Crimson rosella(Platycercus elegans)
Genus – platycercus
- Platycercus elegans elegans – the nominate race of Victoria and eastern New South Wales.
- Platycercus elegans nigrescens, occurring on Queensland's northeastern coast.
- Platycercus elegans melanoptera on Kangaroo Island. The main distinctions between these is size: nigrescens is the smallest of the three and melanoptera is the largest; both are slightly darker than the nominate race.
- The Yellow rosella, which lives along the Murray River and several of its tributaries, was reclassified as a subspecies, Platycercus elegans flaveolus, of the Crimson as the two were found to interbreed where their ranges overlap. The main difference between the two is that the crimson areas replaced with light yellow and the tail more greenish.
- The Adelaide rosella of Adelaide and the surrounding area was also thought to be a separate species, but is presently believed to be a hybrid swarm, having originated through interbreeding of the Crimson and Yellow rosellas. Both of these still interbreed with the Adelaide rosella where its range crosses theirs, and it exhibits variation in its plumage from dark orange-red in the south of its distribution to a pale orange-yellow in the north. Variants that are very close to the yellow race are designated subadelaidae.
One of their biggest points of pride and a major reason behind the popularity of the Crimson rosella is their impressive appearance. Their body is mostly a deep, crimson red. Their chin and tail feathers are a rich and bright purple, which is also seen on the primary flight feathers. The wing and back feathers are mostly black and bordered with red, creating an interesting pattern. Males and females have the same color, and their only difference is size – males can be noticeably larger.
In addition to flashy colors, distinct traits of the Crimson rosella are its stubby beak, a hawk-headed profile, and the long, broad tail. The adults reach an average length of 14 inches (36 centimeters) and can weigh around 6 ounces (170 grams). Remember that a good portion of their size is reserved for the tail.
The Crimson rosella occurs from southeastern South Australia, through Tasmania, Victoria and coastal New South Wales into southeastern Queensland. A disparate population occurs in North Queensland.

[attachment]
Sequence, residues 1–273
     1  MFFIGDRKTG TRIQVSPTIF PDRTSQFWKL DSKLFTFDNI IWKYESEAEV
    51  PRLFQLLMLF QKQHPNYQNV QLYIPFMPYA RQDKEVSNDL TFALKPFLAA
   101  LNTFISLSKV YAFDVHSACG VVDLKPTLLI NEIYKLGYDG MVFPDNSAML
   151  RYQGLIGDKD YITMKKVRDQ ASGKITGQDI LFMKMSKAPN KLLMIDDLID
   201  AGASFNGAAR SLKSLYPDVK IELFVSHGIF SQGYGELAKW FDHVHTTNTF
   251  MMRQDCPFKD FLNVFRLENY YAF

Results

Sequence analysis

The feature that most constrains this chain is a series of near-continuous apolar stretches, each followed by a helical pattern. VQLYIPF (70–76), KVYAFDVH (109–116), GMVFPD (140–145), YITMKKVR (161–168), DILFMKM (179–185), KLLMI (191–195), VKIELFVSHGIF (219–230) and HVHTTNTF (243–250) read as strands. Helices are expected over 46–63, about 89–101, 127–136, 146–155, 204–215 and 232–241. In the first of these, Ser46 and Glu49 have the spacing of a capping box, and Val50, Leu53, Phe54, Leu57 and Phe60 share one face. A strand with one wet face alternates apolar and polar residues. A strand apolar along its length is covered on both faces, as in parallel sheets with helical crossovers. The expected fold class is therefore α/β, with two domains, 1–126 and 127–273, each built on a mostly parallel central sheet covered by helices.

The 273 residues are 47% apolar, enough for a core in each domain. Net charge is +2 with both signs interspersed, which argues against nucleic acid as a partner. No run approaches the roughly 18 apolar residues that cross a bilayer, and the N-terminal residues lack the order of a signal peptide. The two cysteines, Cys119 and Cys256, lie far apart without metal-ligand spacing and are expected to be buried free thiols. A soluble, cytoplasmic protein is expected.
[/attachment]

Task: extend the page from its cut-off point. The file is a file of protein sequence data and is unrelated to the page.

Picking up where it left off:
Outside of the breeding season, Crimson rosellas tend to congregate in pairs or small groups and feeding parties. The largest groups are usually composed of juveniles, who will gather in flocks of up to 20 individuals. When they forage, they are conspicuous and chatter noisily. Rosellas are monogamous, and during the breeding season, adult birds will not congregate in groups and will only forage with their mate.
According to a new study, Crimson rosellas can identify birds of their own subspecies based on the smell of other birds.
Crimson rosellas forage in trees, bushes, and on the ground for the fruit, seeds, nectar, berries, and nuts of a wide variety of plants, including members of the Myrtaceae, Asteraceae, and Rosaceae families.
Nesting sites are hollows greater than 1 meter (3.3 feet) deep in tree trunks, limbs, and stumps. These may be up to 30 meters (98 feet) above the ground. The nesting site is selected by the female. Once the site is selected, the pair will prepare it by lining it with wood debris made from the hollow itself by gnawing and shredding it with their beaks. They do not bring in material from outside the hollow. Only one pair will nest in a particular tree. A pair will guard their nest by perching near it and chattering at other rosellas that approach. They will also guard a buffer zone of several trees radius around their nest, preventing other pairs from nesting in that area.